The unrivalled status of producer Timbaland is built on a hand–picked team of engineers, mixers and producers. For the mix of his hit single ‘The Way I Are’, he turned to Marcella Araica.

Indisputably the biggest hitmaker of the 21st century so far, producer Tim ‘Timbaland’ Moseley made a serious push for world domination as an artist in his own right, with his second solo album Shock Value. It featured, among many others, Justin Timberlake, Nelly Furtado, Missy Elliott, The Hives, Fall Out Boy and Elton John. Among the hit singles the album has spawned is ‘The Way I Are’. Featuring singer Keri Hilson and rapper DOE, it is driven by an arpeggiated synth line and Timbaland’s trademark heavy–but–spacious drums.

Like several other tracks on Shock Value, ‘The Way I Are’ was mixed by Marcella Araica, one of a small band of engineers, mixers and producers that Timbaland regularly employs. Others include mixer Jimmy Douglass (who featured in Inside Track in July 2007), engineer/mixer Demacio ‘Demo’ Castelleon, and producer, keyboardist and programmer Danjahandz, better known simply as Danja. Despite having had to overcome music industry resistance to women behind the mixing desk, Araica has worked with several notable artists as an engineer and a mixer, among them Missy Elliott, the Pussycat Dolls, Jamie Foxx, Nelly Furtado, Britney Spears and, of course, Timbaland.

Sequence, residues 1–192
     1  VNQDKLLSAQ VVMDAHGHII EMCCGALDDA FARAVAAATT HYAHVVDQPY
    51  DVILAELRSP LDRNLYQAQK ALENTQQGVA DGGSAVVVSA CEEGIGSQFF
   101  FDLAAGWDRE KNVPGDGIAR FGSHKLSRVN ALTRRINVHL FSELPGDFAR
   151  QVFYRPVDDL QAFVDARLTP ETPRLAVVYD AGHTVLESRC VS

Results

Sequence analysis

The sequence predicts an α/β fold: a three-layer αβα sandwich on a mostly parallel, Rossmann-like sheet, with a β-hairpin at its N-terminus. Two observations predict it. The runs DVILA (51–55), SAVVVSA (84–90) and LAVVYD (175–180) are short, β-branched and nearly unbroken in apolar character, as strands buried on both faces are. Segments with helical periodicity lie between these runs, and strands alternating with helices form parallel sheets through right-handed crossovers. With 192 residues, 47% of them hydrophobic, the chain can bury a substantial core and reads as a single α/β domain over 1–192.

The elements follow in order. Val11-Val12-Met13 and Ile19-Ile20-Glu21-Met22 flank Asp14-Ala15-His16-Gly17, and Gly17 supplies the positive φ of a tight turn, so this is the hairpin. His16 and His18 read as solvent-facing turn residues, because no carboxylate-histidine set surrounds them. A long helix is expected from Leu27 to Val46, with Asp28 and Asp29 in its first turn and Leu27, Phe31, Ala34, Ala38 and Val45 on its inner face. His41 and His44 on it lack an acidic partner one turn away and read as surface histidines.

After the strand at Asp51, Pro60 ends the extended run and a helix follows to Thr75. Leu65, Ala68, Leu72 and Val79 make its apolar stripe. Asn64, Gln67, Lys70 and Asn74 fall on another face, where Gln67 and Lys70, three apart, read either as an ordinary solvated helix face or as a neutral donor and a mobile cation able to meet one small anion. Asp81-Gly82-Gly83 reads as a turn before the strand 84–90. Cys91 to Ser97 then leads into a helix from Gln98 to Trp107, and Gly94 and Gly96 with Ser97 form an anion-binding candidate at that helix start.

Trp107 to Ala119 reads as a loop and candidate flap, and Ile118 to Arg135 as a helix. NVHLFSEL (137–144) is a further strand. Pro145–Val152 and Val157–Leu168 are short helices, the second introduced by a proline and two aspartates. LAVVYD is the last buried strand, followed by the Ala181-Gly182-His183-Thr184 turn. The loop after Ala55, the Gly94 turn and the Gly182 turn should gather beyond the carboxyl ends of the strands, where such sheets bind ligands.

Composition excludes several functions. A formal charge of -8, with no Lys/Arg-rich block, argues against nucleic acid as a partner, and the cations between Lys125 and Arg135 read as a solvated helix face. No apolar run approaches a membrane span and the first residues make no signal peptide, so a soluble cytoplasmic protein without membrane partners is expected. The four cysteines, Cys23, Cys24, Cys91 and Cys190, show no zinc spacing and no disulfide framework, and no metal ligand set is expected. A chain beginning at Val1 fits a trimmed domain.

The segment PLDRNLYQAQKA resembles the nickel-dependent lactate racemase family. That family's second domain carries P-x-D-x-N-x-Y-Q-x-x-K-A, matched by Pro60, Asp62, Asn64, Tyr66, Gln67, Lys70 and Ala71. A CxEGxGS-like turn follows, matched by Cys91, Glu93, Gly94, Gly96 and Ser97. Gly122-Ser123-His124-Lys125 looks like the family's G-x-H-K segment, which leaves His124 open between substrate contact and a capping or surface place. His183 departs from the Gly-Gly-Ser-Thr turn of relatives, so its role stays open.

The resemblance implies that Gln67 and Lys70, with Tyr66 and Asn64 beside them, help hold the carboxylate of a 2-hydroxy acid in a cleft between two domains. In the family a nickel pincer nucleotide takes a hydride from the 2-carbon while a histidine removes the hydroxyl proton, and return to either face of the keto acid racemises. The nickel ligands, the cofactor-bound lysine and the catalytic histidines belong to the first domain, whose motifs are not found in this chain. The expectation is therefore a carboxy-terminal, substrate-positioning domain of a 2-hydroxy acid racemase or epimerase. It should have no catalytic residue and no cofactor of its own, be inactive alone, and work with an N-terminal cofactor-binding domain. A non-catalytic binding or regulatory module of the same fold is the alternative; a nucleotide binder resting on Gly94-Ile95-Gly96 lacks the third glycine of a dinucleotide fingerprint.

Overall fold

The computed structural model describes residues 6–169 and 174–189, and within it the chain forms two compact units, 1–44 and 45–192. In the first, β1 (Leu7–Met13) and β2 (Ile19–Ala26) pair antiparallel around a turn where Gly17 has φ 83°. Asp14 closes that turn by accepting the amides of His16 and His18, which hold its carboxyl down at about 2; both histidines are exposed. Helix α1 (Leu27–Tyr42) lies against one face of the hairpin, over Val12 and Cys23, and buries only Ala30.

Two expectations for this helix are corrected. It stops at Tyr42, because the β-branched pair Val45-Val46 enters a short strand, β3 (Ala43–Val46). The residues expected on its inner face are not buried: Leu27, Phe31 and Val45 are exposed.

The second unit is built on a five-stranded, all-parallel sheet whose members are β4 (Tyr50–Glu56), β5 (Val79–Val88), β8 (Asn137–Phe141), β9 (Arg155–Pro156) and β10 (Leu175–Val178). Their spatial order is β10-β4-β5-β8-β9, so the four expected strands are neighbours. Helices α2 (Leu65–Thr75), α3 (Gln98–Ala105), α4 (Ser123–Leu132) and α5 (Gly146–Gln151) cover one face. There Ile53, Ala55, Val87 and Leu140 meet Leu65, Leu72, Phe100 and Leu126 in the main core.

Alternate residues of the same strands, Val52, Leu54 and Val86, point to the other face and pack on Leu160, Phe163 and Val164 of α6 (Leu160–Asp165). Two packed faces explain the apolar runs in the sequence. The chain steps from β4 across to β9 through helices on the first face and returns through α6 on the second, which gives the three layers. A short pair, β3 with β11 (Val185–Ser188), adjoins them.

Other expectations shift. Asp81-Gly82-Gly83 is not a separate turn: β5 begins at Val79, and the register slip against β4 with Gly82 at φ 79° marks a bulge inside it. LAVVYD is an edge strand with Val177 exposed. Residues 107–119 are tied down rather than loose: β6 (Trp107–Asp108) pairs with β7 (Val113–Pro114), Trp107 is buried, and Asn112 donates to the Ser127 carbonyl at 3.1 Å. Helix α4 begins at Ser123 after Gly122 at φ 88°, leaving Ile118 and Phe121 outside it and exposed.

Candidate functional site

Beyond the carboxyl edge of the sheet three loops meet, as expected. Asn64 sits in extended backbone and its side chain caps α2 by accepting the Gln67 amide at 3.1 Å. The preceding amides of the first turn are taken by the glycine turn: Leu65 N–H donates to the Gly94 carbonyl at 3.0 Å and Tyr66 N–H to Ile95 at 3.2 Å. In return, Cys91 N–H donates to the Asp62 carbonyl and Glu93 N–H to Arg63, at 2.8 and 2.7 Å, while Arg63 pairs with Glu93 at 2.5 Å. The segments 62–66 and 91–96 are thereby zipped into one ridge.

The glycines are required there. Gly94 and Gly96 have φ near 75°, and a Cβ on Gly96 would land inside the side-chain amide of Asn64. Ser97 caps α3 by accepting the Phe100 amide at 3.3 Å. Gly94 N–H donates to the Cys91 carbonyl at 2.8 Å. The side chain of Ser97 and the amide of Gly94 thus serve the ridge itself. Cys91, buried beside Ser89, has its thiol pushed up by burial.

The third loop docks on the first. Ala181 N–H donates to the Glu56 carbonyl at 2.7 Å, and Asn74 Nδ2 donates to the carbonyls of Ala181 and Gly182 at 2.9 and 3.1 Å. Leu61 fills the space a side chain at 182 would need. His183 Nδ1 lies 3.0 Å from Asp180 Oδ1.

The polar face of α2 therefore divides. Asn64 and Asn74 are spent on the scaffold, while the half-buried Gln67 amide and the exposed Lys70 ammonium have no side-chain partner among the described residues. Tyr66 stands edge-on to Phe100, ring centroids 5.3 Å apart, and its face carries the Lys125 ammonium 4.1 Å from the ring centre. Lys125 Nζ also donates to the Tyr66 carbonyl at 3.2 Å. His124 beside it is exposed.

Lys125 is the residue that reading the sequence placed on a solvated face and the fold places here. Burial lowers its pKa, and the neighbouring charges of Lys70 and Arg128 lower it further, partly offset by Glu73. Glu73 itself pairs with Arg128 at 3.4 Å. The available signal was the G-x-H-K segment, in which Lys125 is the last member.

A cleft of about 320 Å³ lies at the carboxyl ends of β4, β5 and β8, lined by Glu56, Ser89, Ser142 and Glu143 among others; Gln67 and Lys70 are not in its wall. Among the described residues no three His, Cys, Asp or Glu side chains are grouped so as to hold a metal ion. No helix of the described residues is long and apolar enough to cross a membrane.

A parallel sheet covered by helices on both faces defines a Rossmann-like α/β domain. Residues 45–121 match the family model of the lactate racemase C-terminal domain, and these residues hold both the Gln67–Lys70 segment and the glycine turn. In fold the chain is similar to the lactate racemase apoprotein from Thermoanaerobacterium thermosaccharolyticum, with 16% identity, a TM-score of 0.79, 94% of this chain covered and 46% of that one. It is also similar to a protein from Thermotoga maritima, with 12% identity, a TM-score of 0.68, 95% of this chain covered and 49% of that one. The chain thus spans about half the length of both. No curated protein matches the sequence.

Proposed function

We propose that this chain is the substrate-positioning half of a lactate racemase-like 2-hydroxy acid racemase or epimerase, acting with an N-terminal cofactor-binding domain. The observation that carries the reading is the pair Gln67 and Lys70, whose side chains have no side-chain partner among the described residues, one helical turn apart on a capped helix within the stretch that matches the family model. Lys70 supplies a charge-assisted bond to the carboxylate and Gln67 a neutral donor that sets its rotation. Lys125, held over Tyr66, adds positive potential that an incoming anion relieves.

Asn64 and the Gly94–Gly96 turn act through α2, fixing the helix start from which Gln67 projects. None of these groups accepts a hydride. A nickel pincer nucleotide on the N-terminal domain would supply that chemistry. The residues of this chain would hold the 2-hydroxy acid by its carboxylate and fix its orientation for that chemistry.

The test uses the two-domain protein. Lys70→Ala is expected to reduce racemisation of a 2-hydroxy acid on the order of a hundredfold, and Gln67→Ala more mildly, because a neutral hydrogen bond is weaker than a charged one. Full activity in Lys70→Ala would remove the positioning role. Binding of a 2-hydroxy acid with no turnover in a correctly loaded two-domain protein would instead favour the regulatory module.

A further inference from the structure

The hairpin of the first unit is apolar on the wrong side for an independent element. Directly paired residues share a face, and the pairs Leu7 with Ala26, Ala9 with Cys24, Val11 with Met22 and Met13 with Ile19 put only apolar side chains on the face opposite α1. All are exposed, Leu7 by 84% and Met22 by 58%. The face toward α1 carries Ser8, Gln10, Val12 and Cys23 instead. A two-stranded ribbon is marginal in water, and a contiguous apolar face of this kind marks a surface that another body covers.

“I’ve worked with Tim for five years now, and it’s probably the biggest gift I’ve ever encountered,” comments Araica, speaking from Danja’s room at Hit Factory Studios in Miami. “When I started, Demo basically took me under his wing, and I learned so much from him that I consider him one of my mentors. Right from the beginning I knew I wanted to mix, and I got my answers as to what mixing is from watching Jimmy when I was assisting him. As far as Shock Value is concerned, Tim said that he wanted Demo and I to mix half of it each. The recording and mixing was spread out over some time, and was creative and hilarious. Tim’s very comical, and all the funny voices that he does are spontaneous. They come out as part of a vibe, and he goes with it. That’s part of his genius. His suggestive talking at the end of ‘Scream’, for instance, was recorded while I was already mixing that track, and was completely improvised! I was on the floor laughing.”